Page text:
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Scientists dangle bait for screenwriters

October 7, 2005 By Roxanne Khamsi This article courtesy of Nature News.

Film summit puts a spotlight on untold stories from the lab.

A strange event took place at a Manhattan theatre this week. The packed audience was normal for this lively venue, but the stars of the stage were not: at the end of the show, it was Nobel laureates rather than actors who obliged with autographs.

The Sloan Film Summit, coordinated by the philanthropic Alfred P. Sloan Foundation and the Tribeca Film Institute, aims to bring scientists and film-makers together to make more realistic and entertaining stories about science.

On 6 October, many of the summit guests assembled for panel discussions on science as entertainment, among them James Watson, co-discoverer of the structure of DNA.

Watson suggested the crowd should take a closer look at stomach ulcers. Barry Marshall, he went on to explain, is an Australian pathologist who won half of this year's Nobel Prize in Medicine for helping to prove that bacteria are the culprits behind ulcers. He would make a fantastic film hero, said Watson. At one point Marshall went so far as to swallow a solution containing the bacteria Helicobacter pylori to show a sceptical medical world that the microbes, and not stress, caused the stomach condition.

The development of the Internet also offers a good tale for the film industry to tell, suggested Doron Weber, programme director for public understanding of science at the New York-based Sloan Foundation. Weber points to The Aviator, a film covering the life of Howard Hughes, as a popular Hollywood handling of engineering. Surely that could serve as a model for more such films, he adds.

Science friction

The panel had unkind words for some other science-related footage on the market. Watson took particular issue with the large number of films that dwell on the supernatural, such as the recent film Just Like Heaven about a man who falls for the woman haunting his apartment. "All of that bothered me," he said.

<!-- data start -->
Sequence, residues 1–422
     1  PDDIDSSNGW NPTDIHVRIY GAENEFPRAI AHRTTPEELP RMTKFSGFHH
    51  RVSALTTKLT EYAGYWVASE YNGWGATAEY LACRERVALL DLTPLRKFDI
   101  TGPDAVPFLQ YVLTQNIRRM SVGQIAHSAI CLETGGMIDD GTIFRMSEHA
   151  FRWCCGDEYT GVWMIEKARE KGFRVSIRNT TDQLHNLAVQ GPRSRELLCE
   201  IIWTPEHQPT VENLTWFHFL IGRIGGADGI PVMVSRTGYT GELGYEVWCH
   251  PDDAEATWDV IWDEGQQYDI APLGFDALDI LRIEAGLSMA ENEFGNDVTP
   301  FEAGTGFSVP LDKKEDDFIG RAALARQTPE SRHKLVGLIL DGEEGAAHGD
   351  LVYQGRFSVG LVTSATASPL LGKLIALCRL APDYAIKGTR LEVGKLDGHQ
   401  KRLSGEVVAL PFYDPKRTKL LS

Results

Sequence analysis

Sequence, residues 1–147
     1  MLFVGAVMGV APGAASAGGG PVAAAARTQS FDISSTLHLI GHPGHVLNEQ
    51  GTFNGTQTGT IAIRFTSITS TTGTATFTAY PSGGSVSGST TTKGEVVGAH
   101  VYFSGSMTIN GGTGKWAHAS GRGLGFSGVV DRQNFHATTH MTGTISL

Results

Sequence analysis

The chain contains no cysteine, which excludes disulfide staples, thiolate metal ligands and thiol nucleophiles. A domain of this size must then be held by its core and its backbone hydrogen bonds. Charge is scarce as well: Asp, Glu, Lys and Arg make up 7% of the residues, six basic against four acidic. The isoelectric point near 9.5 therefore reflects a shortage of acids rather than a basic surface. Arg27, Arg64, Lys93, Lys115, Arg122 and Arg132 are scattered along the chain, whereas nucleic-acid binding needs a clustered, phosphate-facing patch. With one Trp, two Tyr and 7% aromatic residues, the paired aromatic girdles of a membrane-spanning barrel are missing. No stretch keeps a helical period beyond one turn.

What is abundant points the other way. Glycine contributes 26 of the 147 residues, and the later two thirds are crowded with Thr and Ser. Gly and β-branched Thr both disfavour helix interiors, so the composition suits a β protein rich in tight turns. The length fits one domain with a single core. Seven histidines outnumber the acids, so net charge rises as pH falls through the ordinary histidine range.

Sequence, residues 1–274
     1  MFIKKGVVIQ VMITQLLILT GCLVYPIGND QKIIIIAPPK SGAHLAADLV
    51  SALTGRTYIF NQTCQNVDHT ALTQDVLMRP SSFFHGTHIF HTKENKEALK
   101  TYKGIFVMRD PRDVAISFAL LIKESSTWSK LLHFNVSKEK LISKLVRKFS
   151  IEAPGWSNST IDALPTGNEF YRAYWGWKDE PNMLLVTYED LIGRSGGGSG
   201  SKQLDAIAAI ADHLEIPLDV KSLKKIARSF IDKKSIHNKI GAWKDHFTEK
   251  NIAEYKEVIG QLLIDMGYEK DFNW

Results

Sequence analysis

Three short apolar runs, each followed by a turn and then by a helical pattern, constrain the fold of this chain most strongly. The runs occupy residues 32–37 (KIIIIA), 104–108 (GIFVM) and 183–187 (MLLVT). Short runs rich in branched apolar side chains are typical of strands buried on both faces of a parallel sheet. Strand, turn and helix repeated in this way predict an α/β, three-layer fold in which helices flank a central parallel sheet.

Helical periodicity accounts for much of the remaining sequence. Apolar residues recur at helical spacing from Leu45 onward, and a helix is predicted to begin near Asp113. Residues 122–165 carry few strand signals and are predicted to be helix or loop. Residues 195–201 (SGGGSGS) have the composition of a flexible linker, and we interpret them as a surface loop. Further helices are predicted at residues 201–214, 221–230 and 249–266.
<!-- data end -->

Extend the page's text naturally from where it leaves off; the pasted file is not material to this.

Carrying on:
Harold Varmus, president of the Memorial Sloan-Kettering Cancer Center in New York and a Nobel laureate, had issues with television programmes that consistently depict scientists as dark and sinister characters. The medical drama ER, he says, frequently shows doctors putting publishing concerns above the interest of patients.

Science can also come off too well on the small screen, according to David Rambo, a Los Angeles-based story editor for the popular TV series CSI: Crime Scene Investigation. He admits that because of shows such as CSI, which features forensic science, juries may now have unrealistic expectations about law enforcers' ability to provide DNA evidence in a criminal case. "This CSI effect is real," confirms Jim Hurley of the American Academy of Forensic Sciences in Colorado Springs, Colorado.

But Rambo adds that film and television productions can directly benefit the research community: shows such as CSI have caused students to flock to classes in this field, he says. Hurley confirms this, adding that colleges around the United States have been calling him wanting to set up their own forensic science degree programmes. "That's something we can help in," says Rambo.


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